The Help (2011)
Director: Tate Taylor
Cast: Emma Stone, Viola Davis, Bryce Dallas Howard, Octavia Spencer
My Rating: ★★, or 4/10.
In Short: Pathetic and pitiful; one of the worst films of 2011
The Help is the kind of movie that I don’t hate, but I pity. It is weakly written, not exceptionally directed and tells a story that is not particularly enjoyable or satisfactory. The one thing it has going for it is terrific acting, but even then after a while the actors begin to become unbearable, particularly the awfully one-dimensional Bryce Dallas Howard. It has to be one of the worst films released in 2011.
It is based on the true story of several African-American servants in the 1960s, who are treated with contempt and indifference by their wealthy white “superiors”. There is Aibileen Clark (Viola Davis) and Minny Jackson (Octavia Spencer), who work for the bitchy and overruling Hilly Holbrook (Howard). That is, until Minny is fired for using the family bathroom. Minny’s act of vengeance, which is supposed to be funny, is lame and out-of-place, a lowlight of a film that is already boring enough.
Films that deal with racism rarely do it right. They seem to consider it an issue that once awareness of it is spread, it can be swept under the rug and forgotten about it. Issues of prejudice and hatred are much more complicated than this, and The Help stumbles over itself, ludicrously pulling out any number of clichés about “overcoming racism” until you feel exhausted and insulted.
Not only does it treat its subject and characters terribly, it is also incredibly boring and overlong. I could easily see myself giving this film 6, even 7/10 if it were an hour shorter, but at 150 minutes, it overstays its welcome by miles, and drives you to the brink of exhaustion. Viola Davis is perhaps the movie’s only highlight, and it is because of her that the film is even remotely bearable. But despite her excellent acting, her character is so badly written that it is embarrassing. The same goes for Jessica Chastain, whom I’ve always liked, but really pissed me off here, in her role as one of the – groan – “good white people.” Emma Stone, who is the protagonist, also becomes boring and almost unlikable by the end, and after two hours, Bryce Dallas Howard made me want to shoot myself.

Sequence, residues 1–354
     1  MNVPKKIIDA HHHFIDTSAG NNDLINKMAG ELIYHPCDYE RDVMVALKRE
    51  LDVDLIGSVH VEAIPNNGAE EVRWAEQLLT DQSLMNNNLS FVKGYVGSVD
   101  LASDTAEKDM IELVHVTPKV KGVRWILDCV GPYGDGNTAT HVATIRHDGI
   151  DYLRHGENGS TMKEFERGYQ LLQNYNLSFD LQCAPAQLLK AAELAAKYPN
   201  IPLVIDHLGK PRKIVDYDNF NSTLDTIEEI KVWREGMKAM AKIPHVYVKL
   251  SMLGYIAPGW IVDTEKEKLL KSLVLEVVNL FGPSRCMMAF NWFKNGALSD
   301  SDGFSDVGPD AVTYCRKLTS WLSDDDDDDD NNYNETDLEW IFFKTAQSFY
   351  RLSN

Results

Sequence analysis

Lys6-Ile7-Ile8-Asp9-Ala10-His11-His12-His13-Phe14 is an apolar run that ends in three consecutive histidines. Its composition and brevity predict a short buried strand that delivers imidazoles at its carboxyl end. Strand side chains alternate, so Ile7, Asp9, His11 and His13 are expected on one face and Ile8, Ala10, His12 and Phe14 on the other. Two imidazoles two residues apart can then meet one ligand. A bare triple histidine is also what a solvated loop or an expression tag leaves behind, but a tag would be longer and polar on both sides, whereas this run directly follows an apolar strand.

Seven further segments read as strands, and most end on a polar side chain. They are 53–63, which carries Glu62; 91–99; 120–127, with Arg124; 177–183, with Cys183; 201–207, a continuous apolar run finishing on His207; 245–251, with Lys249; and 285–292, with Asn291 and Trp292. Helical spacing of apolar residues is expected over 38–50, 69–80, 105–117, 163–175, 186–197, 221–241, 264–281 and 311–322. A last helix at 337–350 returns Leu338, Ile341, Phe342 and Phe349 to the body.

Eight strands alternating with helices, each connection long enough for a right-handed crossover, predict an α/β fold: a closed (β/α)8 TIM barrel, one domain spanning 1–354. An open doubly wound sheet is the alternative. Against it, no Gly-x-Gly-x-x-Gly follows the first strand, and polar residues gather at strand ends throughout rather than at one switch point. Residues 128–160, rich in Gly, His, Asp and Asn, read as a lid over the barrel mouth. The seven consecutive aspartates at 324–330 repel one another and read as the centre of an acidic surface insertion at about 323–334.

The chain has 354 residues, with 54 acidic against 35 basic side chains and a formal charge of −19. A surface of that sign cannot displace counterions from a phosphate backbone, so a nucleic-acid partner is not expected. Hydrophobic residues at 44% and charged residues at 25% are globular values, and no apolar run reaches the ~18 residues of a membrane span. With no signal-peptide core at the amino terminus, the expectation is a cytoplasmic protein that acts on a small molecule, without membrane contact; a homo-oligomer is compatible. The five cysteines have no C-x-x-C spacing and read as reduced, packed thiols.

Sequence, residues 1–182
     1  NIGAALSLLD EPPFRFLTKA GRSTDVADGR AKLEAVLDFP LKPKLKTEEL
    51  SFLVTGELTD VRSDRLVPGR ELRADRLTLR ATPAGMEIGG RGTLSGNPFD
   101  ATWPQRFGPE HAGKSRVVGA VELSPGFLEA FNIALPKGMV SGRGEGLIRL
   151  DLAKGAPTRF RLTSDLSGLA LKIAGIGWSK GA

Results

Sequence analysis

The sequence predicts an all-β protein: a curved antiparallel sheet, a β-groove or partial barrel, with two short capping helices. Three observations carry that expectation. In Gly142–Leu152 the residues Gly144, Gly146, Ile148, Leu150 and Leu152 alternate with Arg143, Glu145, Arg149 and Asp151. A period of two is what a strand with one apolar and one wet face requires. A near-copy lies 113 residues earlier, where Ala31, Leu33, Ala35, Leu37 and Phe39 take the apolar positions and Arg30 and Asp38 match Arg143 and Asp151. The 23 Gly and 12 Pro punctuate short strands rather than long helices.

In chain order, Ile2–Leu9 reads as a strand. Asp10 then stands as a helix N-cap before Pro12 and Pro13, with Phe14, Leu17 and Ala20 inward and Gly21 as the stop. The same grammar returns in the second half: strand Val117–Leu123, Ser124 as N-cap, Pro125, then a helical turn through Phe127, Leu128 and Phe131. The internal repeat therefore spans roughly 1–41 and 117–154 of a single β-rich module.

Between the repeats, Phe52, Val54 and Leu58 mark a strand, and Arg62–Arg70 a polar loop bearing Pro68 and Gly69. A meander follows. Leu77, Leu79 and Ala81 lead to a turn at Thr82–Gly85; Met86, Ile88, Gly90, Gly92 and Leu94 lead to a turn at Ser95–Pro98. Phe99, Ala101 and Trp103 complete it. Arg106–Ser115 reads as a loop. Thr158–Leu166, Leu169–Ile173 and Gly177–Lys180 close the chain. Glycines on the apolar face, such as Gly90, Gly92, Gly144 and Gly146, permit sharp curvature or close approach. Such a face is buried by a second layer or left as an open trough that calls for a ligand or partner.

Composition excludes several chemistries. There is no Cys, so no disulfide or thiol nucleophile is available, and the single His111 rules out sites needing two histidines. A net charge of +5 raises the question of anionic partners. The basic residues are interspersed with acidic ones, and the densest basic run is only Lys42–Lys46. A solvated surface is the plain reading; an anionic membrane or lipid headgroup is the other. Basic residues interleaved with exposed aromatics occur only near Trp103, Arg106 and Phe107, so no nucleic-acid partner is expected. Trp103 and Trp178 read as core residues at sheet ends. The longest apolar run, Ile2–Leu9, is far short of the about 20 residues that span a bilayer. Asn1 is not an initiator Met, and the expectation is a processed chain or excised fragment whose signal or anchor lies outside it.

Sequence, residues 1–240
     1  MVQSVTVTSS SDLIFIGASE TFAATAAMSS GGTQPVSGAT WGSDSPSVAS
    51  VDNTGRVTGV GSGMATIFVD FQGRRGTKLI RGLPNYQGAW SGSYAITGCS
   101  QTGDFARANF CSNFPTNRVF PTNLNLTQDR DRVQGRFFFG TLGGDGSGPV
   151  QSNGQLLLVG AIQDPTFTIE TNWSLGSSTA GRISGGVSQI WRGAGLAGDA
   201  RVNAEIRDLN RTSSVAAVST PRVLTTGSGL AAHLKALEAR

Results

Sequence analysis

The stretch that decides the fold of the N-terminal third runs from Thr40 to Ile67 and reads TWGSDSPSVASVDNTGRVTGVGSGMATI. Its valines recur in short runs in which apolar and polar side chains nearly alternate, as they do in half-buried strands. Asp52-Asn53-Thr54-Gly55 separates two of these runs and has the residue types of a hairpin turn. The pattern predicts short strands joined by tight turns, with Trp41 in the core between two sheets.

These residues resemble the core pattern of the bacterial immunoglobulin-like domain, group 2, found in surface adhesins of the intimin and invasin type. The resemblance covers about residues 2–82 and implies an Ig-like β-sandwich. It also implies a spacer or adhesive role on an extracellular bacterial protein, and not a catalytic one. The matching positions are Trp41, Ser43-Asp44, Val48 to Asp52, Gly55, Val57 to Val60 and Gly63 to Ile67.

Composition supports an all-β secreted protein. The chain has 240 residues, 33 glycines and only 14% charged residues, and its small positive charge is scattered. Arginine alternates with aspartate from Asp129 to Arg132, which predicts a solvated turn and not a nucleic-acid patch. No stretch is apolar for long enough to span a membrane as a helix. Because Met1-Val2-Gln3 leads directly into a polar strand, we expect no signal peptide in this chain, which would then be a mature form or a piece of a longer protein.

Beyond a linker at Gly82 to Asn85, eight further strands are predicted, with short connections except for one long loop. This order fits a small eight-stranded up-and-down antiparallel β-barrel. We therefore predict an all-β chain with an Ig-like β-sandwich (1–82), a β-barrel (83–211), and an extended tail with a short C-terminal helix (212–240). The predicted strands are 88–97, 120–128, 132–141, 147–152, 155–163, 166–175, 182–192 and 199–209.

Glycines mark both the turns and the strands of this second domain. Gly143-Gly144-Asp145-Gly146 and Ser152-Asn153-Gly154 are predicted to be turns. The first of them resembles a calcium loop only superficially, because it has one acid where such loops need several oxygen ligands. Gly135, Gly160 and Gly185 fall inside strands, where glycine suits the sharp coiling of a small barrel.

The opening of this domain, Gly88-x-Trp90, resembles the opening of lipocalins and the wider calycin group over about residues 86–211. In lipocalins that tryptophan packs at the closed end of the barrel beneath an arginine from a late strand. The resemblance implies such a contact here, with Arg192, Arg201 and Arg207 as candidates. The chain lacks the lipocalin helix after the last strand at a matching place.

So yes, I pity The Help. It is obviously a movie that was not made lightly, but tried seriously to tell a true story of an important subject. I was not surprised to discover it failed miserably. Seven years ago, Paul Haggis’ Crash failed because it had similar problems: terribly written characters, a thin and pathetic plot and an exhaustively boring running time. Perhaps, hopefully some day soon, an accurate, interesting and moving film about the treatment of African-Americans in suburban America in the 60s will be made, but one thing is for sure: The Help is not it.